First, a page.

The non-administrative licensing items converted into internal approval items include, inter alia: management of the scale of foreign debts; examination and approval of overseas examinations cooperatively organized by national and provincial educational examination institutions and examination institutions or other organizations in foreign countries and Hong Kong, Macao and Taiwan; and examination and approval of matters relating to loans of foreign governments.

Legal Review

“Administrative licensing” refers to permission to undertake specified activities in accordance with an application to do so (submitted by a citizen, legal person or other organization) as approved by an administrative authority upon examination according to the law. According to the Administrative Licensing Law, the creation and enforcement of an administrative licensing item must follow the prescribed limits, scope, conditions, and procedures.
For temporary necessity, the State Council reserved the non-administrative licensing items.. The law, however, does not clearly regulate the limits, scope, conditions, procedures and enforcement of non-administrative licensing items. Furthermore, some non-administrative licensing items actually create administrative licensing obligations for citizens, legal persons, and other institutions. These non-administrative licensing items, however, are not subject to the Administrative Licensing Law. The State Council’s decision to remove the “non-administrative licensing examination and approval” reveals the trend to reform and simplify government administration.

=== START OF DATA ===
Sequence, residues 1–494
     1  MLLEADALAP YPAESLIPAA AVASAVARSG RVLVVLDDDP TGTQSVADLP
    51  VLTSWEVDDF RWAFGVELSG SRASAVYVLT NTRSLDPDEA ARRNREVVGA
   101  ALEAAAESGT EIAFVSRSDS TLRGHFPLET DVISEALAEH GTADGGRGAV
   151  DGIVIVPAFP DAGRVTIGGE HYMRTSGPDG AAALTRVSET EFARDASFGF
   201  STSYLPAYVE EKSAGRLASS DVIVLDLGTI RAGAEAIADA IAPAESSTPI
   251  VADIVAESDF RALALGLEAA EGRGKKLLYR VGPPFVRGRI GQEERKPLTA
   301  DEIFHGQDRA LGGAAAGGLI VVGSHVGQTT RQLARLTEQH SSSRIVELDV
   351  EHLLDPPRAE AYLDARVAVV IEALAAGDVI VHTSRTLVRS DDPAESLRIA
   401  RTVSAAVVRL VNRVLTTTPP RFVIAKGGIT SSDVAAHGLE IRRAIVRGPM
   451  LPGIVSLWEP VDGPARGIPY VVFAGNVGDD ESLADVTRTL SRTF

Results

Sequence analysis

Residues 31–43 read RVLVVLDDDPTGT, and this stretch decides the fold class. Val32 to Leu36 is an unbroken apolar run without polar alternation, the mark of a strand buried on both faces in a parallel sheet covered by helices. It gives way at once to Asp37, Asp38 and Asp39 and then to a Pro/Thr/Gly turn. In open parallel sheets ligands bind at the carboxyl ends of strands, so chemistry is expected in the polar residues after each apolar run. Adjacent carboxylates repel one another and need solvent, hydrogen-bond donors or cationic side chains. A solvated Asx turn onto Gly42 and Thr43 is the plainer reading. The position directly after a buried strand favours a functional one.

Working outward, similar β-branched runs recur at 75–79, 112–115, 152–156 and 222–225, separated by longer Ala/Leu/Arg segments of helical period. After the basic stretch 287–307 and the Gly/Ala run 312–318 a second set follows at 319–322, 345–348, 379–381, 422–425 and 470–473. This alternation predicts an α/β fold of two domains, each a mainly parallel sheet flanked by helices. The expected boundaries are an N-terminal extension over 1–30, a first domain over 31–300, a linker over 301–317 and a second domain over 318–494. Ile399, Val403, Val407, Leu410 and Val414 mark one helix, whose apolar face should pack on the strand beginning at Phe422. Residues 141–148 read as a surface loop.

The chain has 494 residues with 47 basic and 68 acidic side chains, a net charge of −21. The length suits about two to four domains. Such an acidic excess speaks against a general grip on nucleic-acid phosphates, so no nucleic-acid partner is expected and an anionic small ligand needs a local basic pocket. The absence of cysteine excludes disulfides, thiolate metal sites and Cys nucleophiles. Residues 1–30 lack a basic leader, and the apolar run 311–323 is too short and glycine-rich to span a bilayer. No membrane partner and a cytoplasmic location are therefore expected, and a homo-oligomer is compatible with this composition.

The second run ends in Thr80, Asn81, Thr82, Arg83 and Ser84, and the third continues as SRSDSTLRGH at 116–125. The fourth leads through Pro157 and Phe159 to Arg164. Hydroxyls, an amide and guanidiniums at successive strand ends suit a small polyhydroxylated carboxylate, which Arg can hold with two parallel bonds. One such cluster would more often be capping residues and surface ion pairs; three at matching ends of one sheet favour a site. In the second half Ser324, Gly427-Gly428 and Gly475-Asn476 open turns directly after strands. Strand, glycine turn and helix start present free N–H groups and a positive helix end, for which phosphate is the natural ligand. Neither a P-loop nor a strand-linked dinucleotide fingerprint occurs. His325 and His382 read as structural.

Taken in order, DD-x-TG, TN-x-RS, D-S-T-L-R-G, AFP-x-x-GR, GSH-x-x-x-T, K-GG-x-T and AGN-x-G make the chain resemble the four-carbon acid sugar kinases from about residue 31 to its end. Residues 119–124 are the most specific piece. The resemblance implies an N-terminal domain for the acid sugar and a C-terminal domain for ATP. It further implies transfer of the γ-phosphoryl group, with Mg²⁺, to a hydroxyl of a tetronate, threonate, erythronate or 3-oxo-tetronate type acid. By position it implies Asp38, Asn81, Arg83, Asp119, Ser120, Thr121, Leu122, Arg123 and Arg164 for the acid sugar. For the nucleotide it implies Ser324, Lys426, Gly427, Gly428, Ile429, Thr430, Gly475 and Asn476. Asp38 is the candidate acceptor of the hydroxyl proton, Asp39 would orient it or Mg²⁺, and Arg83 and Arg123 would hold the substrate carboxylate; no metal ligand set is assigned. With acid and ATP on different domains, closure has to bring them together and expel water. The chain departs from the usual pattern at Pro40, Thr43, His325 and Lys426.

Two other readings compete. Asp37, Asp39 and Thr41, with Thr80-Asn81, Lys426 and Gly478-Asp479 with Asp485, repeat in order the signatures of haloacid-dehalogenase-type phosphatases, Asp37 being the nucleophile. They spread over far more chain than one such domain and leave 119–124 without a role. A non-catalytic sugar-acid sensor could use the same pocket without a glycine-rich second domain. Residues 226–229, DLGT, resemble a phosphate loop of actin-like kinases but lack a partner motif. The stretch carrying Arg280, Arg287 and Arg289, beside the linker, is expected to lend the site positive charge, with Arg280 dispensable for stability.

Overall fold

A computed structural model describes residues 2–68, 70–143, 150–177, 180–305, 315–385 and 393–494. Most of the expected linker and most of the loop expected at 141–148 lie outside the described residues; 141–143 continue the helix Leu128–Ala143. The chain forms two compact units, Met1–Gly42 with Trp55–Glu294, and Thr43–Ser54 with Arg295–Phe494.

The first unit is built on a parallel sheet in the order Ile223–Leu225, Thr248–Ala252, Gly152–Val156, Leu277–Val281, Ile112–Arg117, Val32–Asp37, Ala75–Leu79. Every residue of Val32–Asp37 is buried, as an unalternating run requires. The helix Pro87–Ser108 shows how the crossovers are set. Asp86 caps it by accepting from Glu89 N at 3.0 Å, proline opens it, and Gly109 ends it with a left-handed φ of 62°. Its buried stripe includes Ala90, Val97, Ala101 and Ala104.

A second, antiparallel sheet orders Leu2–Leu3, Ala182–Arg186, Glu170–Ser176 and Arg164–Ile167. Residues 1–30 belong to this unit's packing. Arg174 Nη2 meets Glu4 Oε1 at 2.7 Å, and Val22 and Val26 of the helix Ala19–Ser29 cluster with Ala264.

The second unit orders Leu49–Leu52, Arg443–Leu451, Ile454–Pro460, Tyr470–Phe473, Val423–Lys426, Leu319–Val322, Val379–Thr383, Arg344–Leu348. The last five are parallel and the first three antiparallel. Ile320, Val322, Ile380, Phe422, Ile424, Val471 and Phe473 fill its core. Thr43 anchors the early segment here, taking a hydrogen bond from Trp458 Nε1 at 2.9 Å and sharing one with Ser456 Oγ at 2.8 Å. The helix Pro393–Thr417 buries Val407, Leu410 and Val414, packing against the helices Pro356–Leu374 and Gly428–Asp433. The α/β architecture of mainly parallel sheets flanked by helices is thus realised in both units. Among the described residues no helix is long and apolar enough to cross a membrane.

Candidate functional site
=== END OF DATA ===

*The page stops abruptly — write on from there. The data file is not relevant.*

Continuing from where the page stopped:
Next Step

The authorities of the State Council, such as the National Development and Reform Commission, State Administration of Taxation, and Ministry of Commerce, need to implement the Decision Regarding the Non-administrative licensing Items and clean up the non-administrative licensing items. On May 25, 2015, the State Administration of Taxation released the Decision Regarding the Implementation of the State Council’s Decision Regarding the Cancellation of Non-Administrative Licensing Examination and Approval Items, and converted 23 non-administrative licensing items into internal approval items. The relevant legislation and the practices of other authorities need to be followed closely.

CSRC Disclosed That It Will Lower The Barriers To Enter The Market For Foreign-Invested Securities Companies.

On May 15, 2015, CSRC held its routine press conference and disclosed that it will further lower the barriers to enter the market for foreign-invested securities companies.

Legal Review

According to the Rules on the Establishment of Foreign-invested Securities Companies, which was revised in 2012, the ratio of foreign equity or the rights and interests of foreign shareholders in a foreign-invested securities company cumulatively (including direct shareholding and indirect control) cannot exceed 49%. In addition, a foreign-invested securities company may only undertake business activities including underwriting and sponsorship of stocks (including common stock denominated in RMB and stock denominated in a foreign currency) and bonds(including treasury bonds and corporate bonds); foreign stock brokerage; brokerage of bonds (including government and corporate bonds) and proprietary trading; and other business activities approved by the CSRC.